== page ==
The list of new species found in the Cardamoms during the last few years includes a brightly colored pitcher plant flower, a frog with green blood and turquoise bones, and a gecko with a flattened head and highly camouflaged coloration.  The mountains are also home to threatened and endangered species like the Asian elephant, clouded leopard, pileated gibbon, and several types of wild cattle.  The Cardamoms and other natural areas in Cambodia are under pressure from deforestation, spurred in part by demand for timber and other natural resources in nearby China. 

In fact the Dalai Mountain blind lizard may itself be an endangered species.  Since little is known about its habits or the full extent of the species’ distribution, its conservation status is difficult to assess.  Environmentalists face an uphill battle to protect at-risk species in the region, but international conservation efforts in the region are already underway.  In December of last year the Asian Development Bank approved $19 million to go toward conservation projects in the Cardamoms and other parts of Cambodia.  Residents of the developed world can help by choosing wood products from sustainable sources, which don’t contribute to demand for timber from Cambodia’s most vulnerable forests.

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Wildlife Rescuers Tend Critically Endangered Turtle in Vietnam

hoan kiem lake-turtleA giant turtle living in Vietnam’s Hoan Kiem Lake, which may be one of only four remaining individuals of its species, is being temporarily removed from its habitat in hopes that the animal can be treated for injuries and infection caused by degradation of its watery home.  Though the Hoan Kiem turtle itself is unlikely to become part of a breeding program, its popularity and the special place it holds in Vietnamese culture is an important tool for keeping attention focused on turtle conservation.  By treating the Hoan Kiem turtle’s wounds and cleaning up its habitat, wildlife rescuers hope to give it an opportunity to live out the rest of its natural lifespan in the lake.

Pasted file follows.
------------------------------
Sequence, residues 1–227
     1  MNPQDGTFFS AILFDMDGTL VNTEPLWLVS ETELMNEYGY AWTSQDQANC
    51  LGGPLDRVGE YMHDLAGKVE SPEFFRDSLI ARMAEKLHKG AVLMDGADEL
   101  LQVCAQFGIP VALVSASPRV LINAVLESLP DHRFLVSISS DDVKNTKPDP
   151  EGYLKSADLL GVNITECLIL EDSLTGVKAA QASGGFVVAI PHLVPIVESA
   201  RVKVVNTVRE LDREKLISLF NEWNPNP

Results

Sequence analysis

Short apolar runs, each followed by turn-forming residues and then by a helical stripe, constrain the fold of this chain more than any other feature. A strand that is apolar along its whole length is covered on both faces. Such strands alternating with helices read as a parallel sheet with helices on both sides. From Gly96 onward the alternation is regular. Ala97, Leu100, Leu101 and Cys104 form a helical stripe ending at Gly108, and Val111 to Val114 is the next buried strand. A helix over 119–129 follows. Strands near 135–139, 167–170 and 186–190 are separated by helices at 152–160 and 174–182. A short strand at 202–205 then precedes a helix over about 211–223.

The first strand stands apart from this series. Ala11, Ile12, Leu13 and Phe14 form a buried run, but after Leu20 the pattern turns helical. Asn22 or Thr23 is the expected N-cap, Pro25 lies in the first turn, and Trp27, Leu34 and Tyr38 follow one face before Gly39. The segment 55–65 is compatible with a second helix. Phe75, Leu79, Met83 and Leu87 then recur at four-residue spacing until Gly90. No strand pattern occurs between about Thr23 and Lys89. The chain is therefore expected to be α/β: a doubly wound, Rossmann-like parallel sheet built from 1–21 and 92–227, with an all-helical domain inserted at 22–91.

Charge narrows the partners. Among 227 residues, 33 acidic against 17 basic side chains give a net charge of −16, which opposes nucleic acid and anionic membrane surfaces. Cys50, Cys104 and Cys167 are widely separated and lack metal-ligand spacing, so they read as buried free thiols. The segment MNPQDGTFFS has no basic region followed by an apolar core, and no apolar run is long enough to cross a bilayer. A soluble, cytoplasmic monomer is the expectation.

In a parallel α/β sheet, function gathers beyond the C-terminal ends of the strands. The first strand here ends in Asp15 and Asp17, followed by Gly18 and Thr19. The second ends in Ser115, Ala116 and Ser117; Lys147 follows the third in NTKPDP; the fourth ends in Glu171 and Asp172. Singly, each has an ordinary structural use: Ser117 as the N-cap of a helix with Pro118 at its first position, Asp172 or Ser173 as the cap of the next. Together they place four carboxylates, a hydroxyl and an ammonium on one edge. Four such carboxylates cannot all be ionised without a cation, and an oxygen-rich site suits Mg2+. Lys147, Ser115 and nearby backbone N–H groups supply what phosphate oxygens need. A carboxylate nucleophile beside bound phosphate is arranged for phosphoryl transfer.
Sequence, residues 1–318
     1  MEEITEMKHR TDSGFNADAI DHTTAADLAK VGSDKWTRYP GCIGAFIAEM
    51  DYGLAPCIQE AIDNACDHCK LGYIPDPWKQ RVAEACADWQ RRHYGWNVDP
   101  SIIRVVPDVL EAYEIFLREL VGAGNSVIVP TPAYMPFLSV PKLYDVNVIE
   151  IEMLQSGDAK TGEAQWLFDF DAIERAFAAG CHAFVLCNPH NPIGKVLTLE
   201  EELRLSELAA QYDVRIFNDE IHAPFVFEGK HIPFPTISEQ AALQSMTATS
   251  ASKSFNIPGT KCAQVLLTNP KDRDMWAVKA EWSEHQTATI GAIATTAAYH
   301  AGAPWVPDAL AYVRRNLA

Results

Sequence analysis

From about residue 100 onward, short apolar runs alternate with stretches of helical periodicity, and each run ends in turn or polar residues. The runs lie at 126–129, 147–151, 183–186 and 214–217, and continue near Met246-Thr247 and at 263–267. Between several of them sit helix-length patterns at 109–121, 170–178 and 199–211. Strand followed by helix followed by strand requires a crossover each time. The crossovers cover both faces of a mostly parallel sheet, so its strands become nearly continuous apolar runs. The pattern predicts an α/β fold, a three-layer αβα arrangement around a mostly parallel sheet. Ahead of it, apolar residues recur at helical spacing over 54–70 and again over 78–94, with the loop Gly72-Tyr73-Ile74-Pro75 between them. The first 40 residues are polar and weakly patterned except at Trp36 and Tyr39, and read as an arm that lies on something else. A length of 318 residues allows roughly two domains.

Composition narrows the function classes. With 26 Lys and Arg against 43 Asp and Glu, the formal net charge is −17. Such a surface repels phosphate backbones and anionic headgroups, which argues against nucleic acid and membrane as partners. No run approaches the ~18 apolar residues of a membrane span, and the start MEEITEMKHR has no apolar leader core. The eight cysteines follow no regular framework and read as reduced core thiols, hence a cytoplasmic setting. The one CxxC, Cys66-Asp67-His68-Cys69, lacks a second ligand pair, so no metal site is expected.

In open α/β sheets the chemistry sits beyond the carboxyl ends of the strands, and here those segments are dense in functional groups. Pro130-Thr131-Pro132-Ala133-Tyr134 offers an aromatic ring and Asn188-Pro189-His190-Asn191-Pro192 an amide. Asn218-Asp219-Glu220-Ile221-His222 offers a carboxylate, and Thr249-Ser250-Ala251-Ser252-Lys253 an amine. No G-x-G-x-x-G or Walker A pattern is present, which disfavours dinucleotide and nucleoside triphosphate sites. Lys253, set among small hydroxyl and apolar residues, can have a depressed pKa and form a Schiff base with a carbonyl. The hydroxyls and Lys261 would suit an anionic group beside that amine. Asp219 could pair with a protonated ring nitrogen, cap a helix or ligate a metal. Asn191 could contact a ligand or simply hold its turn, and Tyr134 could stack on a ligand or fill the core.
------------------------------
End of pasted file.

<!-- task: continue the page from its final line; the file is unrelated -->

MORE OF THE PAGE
Around the world freshwater turtles are declining at an alarming rate, with 200 out of about 300 known species being at risk of extinction.  The Indo-Burma peninsula where Vietnam is located is home to 53 freshwater turtle species, more than can be found in any other region of similar size.  Of these, 39 of the peninsula’s freshwater turtles are endangered or threatened due to pressures like habitat destruction, pollution of lakes and streams, and harvesting of turtles and eggs for food or the international pet trade.  Thus the turtle of Hoan Kiem Lake can be seen as an ambassador for a much larger assemblage of fascinating and at-risk creatures.